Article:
• closs.sebastien
    amd cards... for ever cooking eggs... and electrical power-eaters = wasting energy for nothing...
    oh, if your heating is broken at home, just go buy a radeon...
    Reply
  • jimmysmitty
    salgado18 said:
    So they should hold back performance so that only geeks can get the most out of it? It's like those smart suspensions and brakes that balance everything in ways a human can't with a pedal: it's not fun, but very efficient.

    It takes the fun out of being an enthusiast, which was and is some of their biggest supporters.

    That said to me it shows they are hitting a wall and wont have room to "improve" existing products much. I don't think AMD will have a fully competitive GPU until they finally ditch anything GCN related.
    Reply
  • TJ Hooker
    Loadedaxe said:
    I don't want something on my desk that heats up to 230°.

    Drop the thermals and increase performance AMD.
    If it's designed to operate at that temperature, who cares? It's not going to get nearly that hot on any external surface, so there's no danger from it if that's what you're worried about.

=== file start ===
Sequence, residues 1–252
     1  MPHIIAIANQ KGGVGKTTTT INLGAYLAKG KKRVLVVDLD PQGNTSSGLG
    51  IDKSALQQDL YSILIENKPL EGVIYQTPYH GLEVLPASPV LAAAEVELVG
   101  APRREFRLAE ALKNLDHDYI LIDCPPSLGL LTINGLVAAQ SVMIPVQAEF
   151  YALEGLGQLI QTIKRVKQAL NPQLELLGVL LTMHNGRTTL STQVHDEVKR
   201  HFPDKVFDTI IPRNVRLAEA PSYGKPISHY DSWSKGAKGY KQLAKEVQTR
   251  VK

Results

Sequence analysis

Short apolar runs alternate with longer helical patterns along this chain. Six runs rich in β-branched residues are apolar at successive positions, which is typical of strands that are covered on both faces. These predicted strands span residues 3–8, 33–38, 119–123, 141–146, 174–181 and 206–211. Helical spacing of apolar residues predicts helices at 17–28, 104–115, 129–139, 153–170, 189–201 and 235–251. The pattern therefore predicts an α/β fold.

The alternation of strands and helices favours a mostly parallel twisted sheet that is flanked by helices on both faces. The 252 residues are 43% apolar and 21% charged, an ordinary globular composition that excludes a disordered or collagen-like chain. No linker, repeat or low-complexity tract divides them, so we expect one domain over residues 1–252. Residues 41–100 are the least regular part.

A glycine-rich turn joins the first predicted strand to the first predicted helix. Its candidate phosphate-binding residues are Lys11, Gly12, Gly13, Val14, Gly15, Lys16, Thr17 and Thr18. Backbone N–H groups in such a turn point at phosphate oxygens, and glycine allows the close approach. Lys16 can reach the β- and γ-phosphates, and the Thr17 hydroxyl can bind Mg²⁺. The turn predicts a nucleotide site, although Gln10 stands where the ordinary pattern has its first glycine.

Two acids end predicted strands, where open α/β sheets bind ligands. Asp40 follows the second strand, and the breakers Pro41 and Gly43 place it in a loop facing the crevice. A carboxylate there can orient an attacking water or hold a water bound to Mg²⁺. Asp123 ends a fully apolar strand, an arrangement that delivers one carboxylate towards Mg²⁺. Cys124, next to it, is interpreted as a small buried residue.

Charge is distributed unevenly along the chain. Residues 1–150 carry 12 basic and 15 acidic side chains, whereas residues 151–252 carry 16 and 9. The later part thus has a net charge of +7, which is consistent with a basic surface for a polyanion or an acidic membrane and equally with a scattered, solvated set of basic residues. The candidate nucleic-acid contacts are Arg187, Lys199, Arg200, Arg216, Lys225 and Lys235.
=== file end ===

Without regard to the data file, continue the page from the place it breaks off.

The GPU may not even be getting any hotter than previous generations. It could just be that the the temperature sensors are closer to the GPU hot spots than they were in the past, so they're better able to measure the true hottest temperature within the chip.
    Reply
  • dmitche31958
    (That's 230 degrees Fahrenheit for those of us forced to live with the clearly inferior temperature scale.) "

    WOW. Another stupid millennial who hasn't a clue of anything. Inferior? How? The fact that Fahrenheit is based on the point where sea water freezes is some how Inferior? Just an education and leave your stupidity for your articles. Oh, you did.
    Reply
  • lxtbell2
    dmitche31958 said:
    (That's 230 degrees Fahrenheit for those of us forced to live with the clearly inferior temperature scale.) "

    WOW. Another stupid millennial who hasn't a clue of anything. Inferior? How? The fact that Fahrenheit is based on the point where sea water freezes is some how Inferior? Just an education and leave your stupidity for your articles. Oh, you did.
    Wow not sure who needs more education. Heat your sea water ice cube to 1F or even 10F and see if it melts. Now look up again what Fahrenheit used to define 0F. (Hint: it's a salt solution but nothing like sea water)
    Anyone who received formal education in physics knows which one to use.
    Reply